Question CPU and Motherboard Upgrade advice

May 13, 2021
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Hey there!
I currently have a R5 1600X on a ASROCK A320M-DGS board.
I was thinking of upgarding to a R7 3700X but Im not 100% sure if that is a good idea for the motherboard considering I keep seeing people saying that VRM and stuff might overheat and not handle the CPU well.. considering I don't have great airflow aswell. If I can't get a R7 3700X I would get a R5 3600.
Would the 3700X be bad in that motherboard ?
Would coming from a 1600x to a 3600 be a "big" difference or is it worth it ?
I do also have a RTX 2060 if that helps and usually play 1080p trying to get 144Hz.
Thanks for the answers in advance.
 

Jmi20

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Vrm temp is only a big concern when overclocking.

The board should handle it perfectly well so long as you dont overclock. But i dont think you can overclock on an a320m, can you?

I’ve never had a 1st gen ryzen but according to userbenchmark the difference is 15%.
 
May 13, 2021
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Vrm temp is only a big concern when overclocking.

The board should handle it perfectly well so long as you dont overclock. But i dont think you can overclock on an a320m, can you?

I’ve never had a 1st gen ryzen but according to userbenchmark the difference is 15%.
Yep. Can't overclock on the A320.
Indeed people say its a bad idea mixing that chipset with these CPUs. Regardless thank you for the answer.
 
Hey there!
I currently have a R5 1600X on a ASROCK A320M-DGS board.
I was thinking of upgarding to a R7 3700X but Im not 100% sure if that is a good idea for the motherboard considering I keep seeing people saying that VRM and stuff might overheat and not handle the CPU well.. considering I don't have great airflow aswell. If I can't get a R7 3700X I would get a R5 3600.
Would the 3700X be bad in that motherboard ?
Would coming from a 1600x to a 3600 be a "big" difference or is it worth it ?
I do also have a RTX 2060 if that helps and usually play 1080p trying to get 144Hz.
Thanks for the answers in advance.
While that motherboard's VRM lacks heatsinking at least it has 3 FET's for each phase and 4 phases. Considering you have no means to overclock the CPU on an A320 I'd think it should work out well enough for a 3700X. Getting memory you can clock as high as possible helps zen2 performance much more than overclocking anyway.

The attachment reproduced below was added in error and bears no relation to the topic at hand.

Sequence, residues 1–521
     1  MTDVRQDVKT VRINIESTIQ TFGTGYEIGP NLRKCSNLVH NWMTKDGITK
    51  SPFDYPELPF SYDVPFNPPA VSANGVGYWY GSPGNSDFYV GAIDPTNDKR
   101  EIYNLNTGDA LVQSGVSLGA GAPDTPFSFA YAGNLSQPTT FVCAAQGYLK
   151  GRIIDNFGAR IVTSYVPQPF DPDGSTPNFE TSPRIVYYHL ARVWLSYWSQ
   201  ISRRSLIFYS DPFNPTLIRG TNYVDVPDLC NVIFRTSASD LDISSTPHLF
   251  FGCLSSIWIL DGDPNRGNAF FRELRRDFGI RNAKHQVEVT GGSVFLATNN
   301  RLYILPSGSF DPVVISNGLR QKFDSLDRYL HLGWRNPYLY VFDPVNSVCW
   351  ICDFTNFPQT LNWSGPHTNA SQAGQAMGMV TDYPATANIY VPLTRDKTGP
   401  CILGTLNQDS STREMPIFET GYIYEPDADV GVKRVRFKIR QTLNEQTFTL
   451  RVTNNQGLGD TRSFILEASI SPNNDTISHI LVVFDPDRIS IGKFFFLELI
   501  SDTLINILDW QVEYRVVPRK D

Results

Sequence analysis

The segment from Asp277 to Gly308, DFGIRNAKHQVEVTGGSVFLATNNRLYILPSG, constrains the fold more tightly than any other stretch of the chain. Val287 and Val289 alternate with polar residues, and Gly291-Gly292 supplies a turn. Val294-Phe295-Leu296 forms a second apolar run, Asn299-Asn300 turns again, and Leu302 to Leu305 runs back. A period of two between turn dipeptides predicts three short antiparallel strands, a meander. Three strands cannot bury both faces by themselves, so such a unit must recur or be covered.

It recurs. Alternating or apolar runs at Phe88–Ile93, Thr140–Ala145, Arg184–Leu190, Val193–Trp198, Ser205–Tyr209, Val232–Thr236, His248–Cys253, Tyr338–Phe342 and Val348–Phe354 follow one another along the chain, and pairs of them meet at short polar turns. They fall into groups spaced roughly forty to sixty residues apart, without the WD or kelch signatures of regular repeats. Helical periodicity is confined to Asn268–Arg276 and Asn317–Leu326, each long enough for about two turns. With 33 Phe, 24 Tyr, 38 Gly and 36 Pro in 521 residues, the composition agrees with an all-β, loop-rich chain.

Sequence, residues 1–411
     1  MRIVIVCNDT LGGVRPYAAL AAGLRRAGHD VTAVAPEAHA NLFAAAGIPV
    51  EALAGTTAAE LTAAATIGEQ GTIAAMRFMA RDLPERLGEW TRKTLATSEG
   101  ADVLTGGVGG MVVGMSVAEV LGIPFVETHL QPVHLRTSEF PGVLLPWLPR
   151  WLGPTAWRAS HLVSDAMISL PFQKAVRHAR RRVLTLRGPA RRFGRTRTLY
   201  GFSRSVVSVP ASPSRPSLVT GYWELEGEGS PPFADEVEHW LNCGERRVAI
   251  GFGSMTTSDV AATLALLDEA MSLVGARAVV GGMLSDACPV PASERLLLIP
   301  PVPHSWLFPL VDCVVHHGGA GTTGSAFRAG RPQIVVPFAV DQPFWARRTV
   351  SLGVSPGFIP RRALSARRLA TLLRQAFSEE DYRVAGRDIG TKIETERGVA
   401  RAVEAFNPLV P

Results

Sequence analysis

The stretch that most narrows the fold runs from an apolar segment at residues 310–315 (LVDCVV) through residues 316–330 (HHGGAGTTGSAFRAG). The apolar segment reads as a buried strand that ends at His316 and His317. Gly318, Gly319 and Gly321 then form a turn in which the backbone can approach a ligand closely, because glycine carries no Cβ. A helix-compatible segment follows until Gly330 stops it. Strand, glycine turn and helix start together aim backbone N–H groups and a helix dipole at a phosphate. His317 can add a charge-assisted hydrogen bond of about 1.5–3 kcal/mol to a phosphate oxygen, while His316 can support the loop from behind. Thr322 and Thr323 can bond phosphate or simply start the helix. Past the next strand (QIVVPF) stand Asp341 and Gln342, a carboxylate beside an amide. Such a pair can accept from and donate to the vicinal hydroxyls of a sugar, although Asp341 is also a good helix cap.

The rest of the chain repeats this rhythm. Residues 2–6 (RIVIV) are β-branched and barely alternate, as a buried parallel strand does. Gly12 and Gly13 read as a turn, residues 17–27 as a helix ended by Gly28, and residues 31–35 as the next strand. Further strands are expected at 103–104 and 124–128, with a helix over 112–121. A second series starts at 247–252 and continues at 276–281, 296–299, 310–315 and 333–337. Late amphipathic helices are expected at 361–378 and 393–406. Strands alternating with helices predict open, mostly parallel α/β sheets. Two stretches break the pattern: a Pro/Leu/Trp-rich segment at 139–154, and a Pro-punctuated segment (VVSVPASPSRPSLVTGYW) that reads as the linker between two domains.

It's the poor case airflow that will hurt, worse even than the lack of heatsinking on the VRM alone, as 3700's boosting depends on staying cool. So getting set up with a better CPU cooler and more case fans only helps.

If VRM temperature should prove to be a problem you can put a small fan to blow on the CPU FET's to help cool them. All it takes is a little bit of airflow to help a lot. But if all you're doing is gaming VRM temperature won't likely prove to be a factor.

And since just gaming the 3700X would be 'better' not for the extra cores so much but just because of it's higher max boost clocks, 4.4G vs. 4.2G for a 3600. That's why case ventilation and cooling is so important to make sure the CPU maintains boost clocks.
 
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May 13, 2021
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While that motherboard's VRM lacks heatsinking at least it has 4 FET's for each phase and 4 phases. Considering you have no means to overclock the CPU on an A320 I'd think it should work out well enough for a 3700X. Getting memory you can clock as high as possible helps zen2 performance much more than overclocking anyway.

It's the poor case airflow that will hurt, worse than the VRM alone, as 3700's boosting depends on staying cool. So getting set up with a better CPU cooler and more case fans only helps.

And lastly: if VRM temperature should prove to be a problem you can put a small fan to blow on the CPU FET's to help cool them. All it takes is a little bit of airflow to help a lot. But if all you're doing is gaming VRM temperature won't likely prove to be a factor. Also since just gaming the 3700X would be 'better' not for the extra cores so much but just because of it's higher max boost clocks, 4.4G vs. 4.2G for a 3600.
Currently have a Hyper 212 EVO for my 1600X and that is a 95W TDP while the 3700X is 65W. That's why I was kind of confused.
I have 1 intake and 1 out on my current case. The 1600X currently always stays around 50c while gaming.
If this info will help you.
 
Currently have a Hyper 212 EVO for my 1600X and that is a 95W TDP while the 3700X is 65W. That's why I was kind of confused.
I have 1 intake and 1 out on my current case. The 1600X currently always stays around 50c while gaming.